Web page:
Monday, June 10, 2013

Men In The Women's Circle


I admit I am perplexed, although not surprised by the claim that women’s writing groups exclude and perpetrate barriers.
 
Anyone who attends a women's writing group feels the magic, the alchemy.  In fact, women have always gravitated toward other women, whether it was a sewing circle in the 1800's or a book club today.  The safety, the security . . . the implicit understanding that we, as women, travel a common journey forms a bond beyond words.

Women only groups have great value as a place to share, empathize and validate as I learned firsthand by attending a woman's writing retreat which was the catalyst to my memoir journey for Again in a Heartbeat five years ago. 

I can only imagine how different my life would have been if I had not been there.

Our June meeting was the first time a man had attended a read-around of the Women’s Writing Circle. Boyd Lemon, the author of a memoir Digging Deep about the failure of his three marriages, was our visitor. Boyd offered the male perspective, as well as the vulnerability that comes with memoir writing.  By the end of writing his story, he confided,  he understood that the failure of his marriages was in large part due to the unconditional love and acceptance he found from his mother and his desire that his wives replicate that. 

This candid admission gave powerful insight into the self-discovery of memoir and its healing journey that goes beyond gender issues and is the basis for the genre's growing popularity, not just among writers but readers.  This admission also led to a discussion about some men and their changing roles; their confusion, as Boyd put it, on how to “deal” with the feminist movement.

Boyd’s impending visit had triggered a conversation in the Circle last month when the women learned that a man would attend a read-around.  The fear, the questions, and the concern that something valuable and sacred would be lost by opening the read-around to men quickly surfaced and was openly and honestly expressed. 
 “I’ve been in writing groups before where men try to dominate,” one woman confessed.
Finally upon reflection that same day, all the women – totaling 14 – agreed to put their skepticism aside and be open to a man’s presence in the writing circle.  After Boyd’s visit this past weekend, the overwhelming consensus was that Boyd was a special man, an excellent writer and a valuable resource for writing techniques and honest truth-telling in memoir.  Still, the question persisted.  Would the writing circle be open to men in the future? 
 
While our Women’s Writing Circle workshops have always been open to men, the read-around  . . . which is often a raw and intimate sharing of our emotional and psychic lives, has not.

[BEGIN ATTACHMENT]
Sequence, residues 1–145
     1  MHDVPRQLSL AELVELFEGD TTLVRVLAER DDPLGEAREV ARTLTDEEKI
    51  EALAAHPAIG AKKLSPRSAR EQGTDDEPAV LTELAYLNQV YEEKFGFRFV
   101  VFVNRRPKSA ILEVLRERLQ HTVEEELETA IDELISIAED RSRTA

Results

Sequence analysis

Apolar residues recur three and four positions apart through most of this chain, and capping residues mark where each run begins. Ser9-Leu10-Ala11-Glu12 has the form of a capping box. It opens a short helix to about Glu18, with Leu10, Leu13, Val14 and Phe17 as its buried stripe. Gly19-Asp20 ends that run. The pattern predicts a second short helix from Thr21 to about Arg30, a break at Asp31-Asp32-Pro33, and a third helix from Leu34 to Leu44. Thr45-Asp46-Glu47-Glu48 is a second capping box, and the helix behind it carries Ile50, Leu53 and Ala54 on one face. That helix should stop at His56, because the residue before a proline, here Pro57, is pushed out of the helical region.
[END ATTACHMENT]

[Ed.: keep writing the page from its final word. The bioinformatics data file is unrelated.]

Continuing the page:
Upon reflection, I believe – at least for now – it is important that read-arounds remain open only to women. While my hope is that Boyd is the first of several published authors – male and female to visit our read-around from time to time - here is my thinking on why the read-arounds should remain open only to women.
 

The Women's Writing Circle . . . I view it as a communal, meditative and restorative place for women to write their stories.   It is also a fact that we (women) have been downtrodden as a sort of "minority" group for a long time.  We don't view our Women’s Writing Circle as discriminatory, rather it is a freeing atmosphere. 

Many of our writers are beginning the journey of finding their voice through the written word.  This is worth more than gold.  It is a matter, not just of the heart, but the soul. Any sabotaging could cause irrevocable damage. 

One of the reasons I suggest women in the Circle be careful who they show their work is due to the word “victim” that is sometimes applied to women who write the truth of their stories.  I believe it is the woman writer's worst fear - that the old patriarchal stereotype of women as "victim" and as "whiner" will be thrown at her when she writes the truth of her story. 
 
And while it is true that people are responsible for their actions, it is also true they are not responsible for society’s stereotypes and social actions.
 
Many of our writers have never before been heard.  The read-around is their time to tell their stories, read them aloud and "test drive" their voices in a supportive, nurturing and learning environment.

Mary Pierce Brosmer, founder of Women Writing For (a) Change, writes in her book of the same name about her group's read-arounds:

“WWfaC read-arounds are radical in that they are simply and persistently by, for and about women’s words.  Radical in that we are going to the imbalance in our culture, and on a small scale, attempting to heal the attention deficit women and girls have historically experienced by keeping our attention on women’s – and girls’ words.” 
 
So for now, we shall continue valuing and loving one another in our journey of the feminine.  But, as always, time will tell and we shall see  . . .  where the path leads, keeping ourselves open and remaining hopeful that our words will bring all of us closer together.

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